I have always loved history and also found most of us have little real sense of it. And without that strong sense of history, how can we appreciate our family’s or our nation’s progress? One of my graduate degrees is in history, where I learned a deeper appreciation of the simple quote attributed to writer and philosopher George Santayana,
Of course, knowing our history is no guarantee we will learn from it, or change because of it. If we take a hard look at our history with slavery, racism or gun violence in America, we see some change but certainly nowhere near enough. But with no willingness to even look back and acknowledge what we were like in the past, no progress can be made.
I also enjoy learning about my own family history, which is made so much easier because my mother spent a few years researching both sides of my family back to Germany, Ireland and Scotland. My family history reflects so much progress from our humble immigration to America, to Kansas farmers, business owners, politicians and educators. My grandfather on my Mom’s side, a skilled technician, went door-to-door trying to find any kind of work to support his family during the Great Depression. He ended up owning a major business and took out patents on his many inventions. My grandfather on my father’s side had no time to complete high school, because he needed to go to work to support his family, but Grandpa Carter taught his sons to go to college and even graduate school! And yes, everyone in my parents’ generation became educated, productive citizens.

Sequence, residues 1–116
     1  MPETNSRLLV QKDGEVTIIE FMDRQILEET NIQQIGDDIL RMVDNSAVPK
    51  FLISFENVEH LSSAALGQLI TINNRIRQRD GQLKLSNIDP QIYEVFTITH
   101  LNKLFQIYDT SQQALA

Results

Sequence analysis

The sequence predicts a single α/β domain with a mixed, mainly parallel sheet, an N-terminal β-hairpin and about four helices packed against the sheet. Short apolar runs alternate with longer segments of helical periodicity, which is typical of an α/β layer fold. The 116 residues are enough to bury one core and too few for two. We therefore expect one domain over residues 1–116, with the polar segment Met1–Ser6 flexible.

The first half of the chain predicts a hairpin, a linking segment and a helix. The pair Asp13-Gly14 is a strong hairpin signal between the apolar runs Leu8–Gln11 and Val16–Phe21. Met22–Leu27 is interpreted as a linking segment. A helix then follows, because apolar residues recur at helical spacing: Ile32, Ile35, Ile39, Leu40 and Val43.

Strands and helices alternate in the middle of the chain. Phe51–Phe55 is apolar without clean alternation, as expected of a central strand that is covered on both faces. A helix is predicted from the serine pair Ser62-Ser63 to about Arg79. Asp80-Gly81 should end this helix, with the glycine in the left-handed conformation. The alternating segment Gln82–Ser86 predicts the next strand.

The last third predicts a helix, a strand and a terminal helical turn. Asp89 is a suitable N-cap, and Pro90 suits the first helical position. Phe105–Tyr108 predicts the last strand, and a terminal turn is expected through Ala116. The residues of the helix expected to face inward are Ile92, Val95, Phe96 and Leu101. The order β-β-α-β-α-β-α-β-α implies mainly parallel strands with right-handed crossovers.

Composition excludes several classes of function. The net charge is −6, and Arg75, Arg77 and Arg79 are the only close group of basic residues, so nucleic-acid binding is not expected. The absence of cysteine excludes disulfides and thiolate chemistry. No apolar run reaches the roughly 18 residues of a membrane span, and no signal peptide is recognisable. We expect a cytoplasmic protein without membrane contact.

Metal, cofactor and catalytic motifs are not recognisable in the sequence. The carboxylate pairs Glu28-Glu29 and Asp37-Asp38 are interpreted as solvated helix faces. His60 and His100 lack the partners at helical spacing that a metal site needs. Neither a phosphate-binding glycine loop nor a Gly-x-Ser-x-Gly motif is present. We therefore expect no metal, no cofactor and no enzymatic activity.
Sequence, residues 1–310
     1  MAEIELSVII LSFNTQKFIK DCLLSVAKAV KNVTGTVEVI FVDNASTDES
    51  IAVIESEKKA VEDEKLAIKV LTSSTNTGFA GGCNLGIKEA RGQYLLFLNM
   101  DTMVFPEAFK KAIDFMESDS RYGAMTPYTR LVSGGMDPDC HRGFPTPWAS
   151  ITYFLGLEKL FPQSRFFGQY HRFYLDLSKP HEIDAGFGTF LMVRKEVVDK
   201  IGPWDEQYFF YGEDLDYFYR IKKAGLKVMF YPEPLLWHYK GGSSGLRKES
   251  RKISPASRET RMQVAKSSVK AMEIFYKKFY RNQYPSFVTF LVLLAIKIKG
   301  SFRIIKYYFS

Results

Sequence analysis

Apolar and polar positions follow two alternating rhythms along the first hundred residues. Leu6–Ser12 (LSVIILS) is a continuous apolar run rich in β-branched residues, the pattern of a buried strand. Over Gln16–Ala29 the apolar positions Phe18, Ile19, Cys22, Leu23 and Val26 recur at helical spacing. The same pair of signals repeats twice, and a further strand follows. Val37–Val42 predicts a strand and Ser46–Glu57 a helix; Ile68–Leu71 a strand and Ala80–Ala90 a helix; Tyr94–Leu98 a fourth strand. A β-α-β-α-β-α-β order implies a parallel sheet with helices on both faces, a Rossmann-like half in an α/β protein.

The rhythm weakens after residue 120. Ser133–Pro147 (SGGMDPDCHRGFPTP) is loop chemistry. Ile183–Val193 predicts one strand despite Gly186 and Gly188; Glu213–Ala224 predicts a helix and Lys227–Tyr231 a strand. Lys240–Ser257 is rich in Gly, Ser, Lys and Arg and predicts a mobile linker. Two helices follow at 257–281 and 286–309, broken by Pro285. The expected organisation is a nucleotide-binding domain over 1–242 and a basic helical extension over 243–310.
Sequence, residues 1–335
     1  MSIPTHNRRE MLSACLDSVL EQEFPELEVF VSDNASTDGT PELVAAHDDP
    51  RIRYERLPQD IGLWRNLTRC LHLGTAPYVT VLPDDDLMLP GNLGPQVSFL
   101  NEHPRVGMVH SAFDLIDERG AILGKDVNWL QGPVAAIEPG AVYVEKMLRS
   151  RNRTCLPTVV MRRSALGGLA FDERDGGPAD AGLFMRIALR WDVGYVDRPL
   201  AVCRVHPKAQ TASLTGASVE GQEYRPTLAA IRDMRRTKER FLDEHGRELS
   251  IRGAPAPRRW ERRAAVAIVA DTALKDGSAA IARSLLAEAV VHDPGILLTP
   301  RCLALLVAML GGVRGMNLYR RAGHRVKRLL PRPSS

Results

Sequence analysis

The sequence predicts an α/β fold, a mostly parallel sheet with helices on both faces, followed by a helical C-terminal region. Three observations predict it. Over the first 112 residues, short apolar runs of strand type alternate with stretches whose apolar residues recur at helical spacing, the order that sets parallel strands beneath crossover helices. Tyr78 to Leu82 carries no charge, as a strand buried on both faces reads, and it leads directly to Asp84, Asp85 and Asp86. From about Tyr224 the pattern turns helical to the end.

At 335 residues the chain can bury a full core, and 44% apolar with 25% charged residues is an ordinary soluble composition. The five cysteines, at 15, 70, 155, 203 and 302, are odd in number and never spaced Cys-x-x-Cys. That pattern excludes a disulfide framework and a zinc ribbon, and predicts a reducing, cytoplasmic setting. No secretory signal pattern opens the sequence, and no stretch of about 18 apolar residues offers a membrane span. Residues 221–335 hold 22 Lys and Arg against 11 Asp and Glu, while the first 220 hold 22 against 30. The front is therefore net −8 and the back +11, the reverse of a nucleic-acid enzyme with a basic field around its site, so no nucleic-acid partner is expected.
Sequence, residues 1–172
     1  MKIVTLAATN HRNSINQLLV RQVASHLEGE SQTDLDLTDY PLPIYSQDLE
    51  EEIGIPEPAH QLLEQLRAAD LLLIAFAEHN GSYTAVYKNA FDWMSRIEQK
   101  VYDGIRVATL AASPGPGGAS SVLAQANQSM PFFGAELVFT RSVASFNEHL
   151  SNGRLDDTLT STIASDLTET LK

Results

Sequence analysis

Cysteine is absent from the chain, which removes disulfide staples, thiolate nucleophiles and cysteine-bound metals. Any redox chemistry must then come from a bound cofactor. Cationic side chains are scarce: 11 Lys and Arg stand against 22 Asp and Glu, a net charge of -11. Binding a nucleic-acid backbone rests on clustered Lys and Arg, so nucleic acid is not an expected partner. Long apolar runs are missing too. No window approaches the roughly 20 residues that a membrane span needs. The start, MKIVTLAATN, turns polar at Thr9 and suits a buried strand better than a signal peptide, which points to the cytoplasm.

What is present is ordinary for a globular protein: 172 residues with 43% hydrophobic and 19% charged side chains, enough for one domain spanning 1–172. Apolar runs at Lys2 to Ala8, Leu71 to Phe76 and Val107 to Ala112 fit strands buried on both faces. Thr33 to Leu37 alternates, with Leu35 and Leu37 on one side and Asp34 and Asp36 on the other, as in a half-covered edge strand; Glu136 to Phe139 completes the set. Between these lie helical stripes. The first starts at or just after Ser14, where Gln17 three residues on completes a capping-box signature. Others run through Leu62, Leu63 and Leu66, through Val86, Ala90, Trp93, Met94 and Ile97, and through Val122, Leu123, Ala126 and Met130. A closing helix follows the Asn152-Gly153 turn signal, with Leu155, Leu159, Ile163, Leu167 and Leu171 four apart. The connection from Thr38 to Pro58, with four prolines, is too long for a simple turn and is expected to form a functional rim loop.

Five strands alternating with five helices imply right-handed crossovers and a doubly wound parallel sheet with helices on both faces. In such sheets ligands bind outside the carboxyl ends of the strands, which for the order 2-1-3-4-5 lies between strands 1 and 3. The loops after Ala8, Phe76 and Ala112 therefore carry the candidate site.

That is why, when I heard our Ambassador Linda Thomas-Greenfield, Representative of the United States of America to the United Nations say this week to a class of college graduates: “You are your ancestor’s wildest dreams!” I felt so proud of my ancestors and myself!
We need to appreciate our progress as much as our shortcomings and knowing our history is the only way to do just that.